If one cannot enjoy reading a book over and over again, there is no use in reading it at all.
- Oscar Wilde
Three people sit in a doctor’s waiting room. One stares at the television that rests on an end table, the second fiddles with a hand-held smart-phone; the head of the third is wrapped in earphones.
A couple of children, waiting for bedtime, lie on the floor of a brightly painted room, busily manipulating the controls of a video game.
Two hundred Sri Lankans sit in an airplane awaiting take-off from Colombo. Some have earphones listening to music, some doze, most stare up at a small movie screen.
What is missing from these pictures, and increasingly from our lives, is the activity through which most of us learned much of what we know of the wider world.
What’s missing is the force that, according to a growing consensus of historians, established our patterns of thought and, in an important sense, made our great civilisation.
Ironically, but not coincidentally, reading has begun fading from our culture at the very moment that its importance to that culture is finally being established.
Its decline, many theorists believe, is shocking. Some have taken to predict that the downturn in reading could result in the country’s cultural and political decline.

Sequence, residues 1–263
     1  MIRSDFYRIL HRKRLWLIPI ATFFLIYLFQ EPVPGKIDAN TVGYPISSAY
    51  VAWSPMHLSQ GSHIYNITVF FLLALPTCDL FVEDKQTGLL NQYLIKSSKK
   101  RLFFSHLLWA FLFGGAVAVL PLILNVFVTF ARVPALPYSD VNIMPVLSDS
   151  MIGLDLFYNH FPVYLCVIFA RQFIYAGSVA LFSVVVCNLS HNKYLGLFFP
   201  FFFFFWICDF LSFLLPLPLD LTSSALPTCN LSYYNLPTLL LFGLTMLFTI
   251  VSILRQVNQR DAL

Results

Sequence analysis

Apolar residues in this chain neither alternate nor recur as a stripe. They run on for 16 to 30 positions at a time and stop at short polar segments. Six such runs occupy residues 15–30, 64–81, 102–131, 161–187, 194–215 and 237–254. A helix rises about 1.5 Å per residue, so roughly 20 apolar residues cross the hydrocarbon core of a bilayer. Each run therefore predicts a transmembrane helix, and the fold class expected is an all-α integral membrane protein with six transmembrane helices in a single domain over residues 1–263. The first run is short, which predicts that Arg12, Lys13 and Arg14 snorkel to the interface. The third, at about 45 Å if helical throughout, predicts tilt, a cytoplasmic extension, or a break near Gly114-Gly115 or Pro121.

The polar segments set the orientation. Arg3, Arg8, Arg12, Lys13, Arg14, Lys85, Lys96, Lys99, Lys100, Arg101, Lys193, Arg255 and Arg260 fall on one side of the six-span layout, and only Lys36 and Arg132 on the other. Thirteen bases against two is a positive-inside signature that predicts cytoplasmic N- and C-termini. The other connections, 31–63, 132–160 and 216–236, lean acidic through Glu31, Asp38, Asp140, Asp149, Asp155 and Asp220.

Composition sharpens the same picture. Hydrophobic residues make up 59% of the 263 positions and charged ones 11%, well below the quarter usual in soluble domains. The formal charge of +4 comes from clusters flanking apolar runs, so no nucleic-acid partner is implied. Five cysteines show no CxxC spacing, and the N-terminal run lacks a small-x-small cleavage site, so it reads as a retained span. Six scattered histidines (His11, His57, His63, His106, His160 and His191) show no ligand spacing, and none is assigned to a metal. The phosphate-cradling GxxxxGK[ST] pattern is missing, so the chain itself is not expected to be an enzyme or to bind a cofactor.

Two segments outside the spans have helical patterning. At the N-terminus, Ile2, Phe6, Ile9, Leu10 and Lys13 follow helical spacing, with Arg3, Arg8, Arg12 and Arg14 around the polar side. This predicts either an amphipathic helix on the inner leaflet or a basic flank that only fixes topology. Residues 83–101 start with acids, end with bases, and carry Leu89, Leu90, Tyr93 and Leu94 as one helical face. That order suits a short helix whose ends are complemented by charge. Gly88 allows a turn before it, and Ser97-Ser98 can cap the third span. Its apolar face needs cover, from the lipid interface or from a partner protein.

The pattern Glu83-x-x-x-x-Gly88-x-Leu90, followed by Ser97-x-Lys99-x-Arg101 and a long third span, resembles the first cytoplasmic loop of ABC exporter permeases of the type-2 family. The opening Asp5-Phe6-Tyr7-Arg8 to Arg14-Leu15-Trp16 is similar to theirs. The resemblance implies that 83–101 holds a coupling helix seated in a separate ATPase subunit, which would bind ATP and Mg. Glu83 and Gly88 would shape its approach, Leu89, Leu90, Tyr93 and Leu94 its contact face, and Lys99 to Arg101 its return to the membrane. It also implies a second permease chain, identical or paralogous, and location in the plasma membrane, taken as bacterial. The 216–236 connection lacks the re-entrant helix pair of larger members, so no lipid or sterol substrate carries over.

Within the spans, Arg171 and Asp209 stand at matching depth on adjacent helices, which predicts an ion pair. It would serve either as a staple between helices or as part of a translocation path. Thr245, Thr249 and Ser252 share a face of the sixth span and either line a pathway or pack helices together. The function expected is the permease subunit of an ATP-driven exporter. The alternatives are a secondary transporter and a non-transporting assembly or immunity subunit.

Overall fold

The simple fact is that few of us, and few of our friends and few of our children, have the time to read as much as we would like. We’re too busy working or working out or playing or watching TV or manipulating our iPad, smart-phone or desktop. Our homes barely make room for reading.
Those old islands of quiet - libraries, studies and dens - long ago were invaded by flat screens and video games. Now they are called “family rooms” or, more accurately, “television rooms.” And our architects seem to have given up providing us with bookshelves; instead they busy themselves designing “entertainment centres.”
There are number causes for this decline. Lack of proper education, lack of reading culture in schools and universities, expensiveness and unavailability of good books, scarcity of libraries and our developing preference for modern communication appliances are few of these causes.
The education system of our country encourages rote learning rather than critical thinking which makes our education a great hurdle in the way to promote reading habit.
One of the greatest benefits of reading, particularly to the young, is that reading helps them to develop their creativity and imagination.
It has also been found by educationists that children who are avid readers generally have higher IQs and do better in school than those who are not.
During the past five decades, various campaigns were launched to improve the situation, but there is still a need for a more perceptive understanding of the reasons for the lack of the reading habit in Sri Lanka.
Against this backdrop, each one of us must make a commitment to make reading a significant part of their lives, as opposed to doing so only when studying is required. But to arrest the decline, it would take much more.
It would need the collective effort of society including that of parents, teachers, and community leaders as well as the re-orienting of children and students which, in today’s context of rapid growth of electronic technology, certainly will be a herculean task. Nevertheless, “the longest journey begins with the first step.”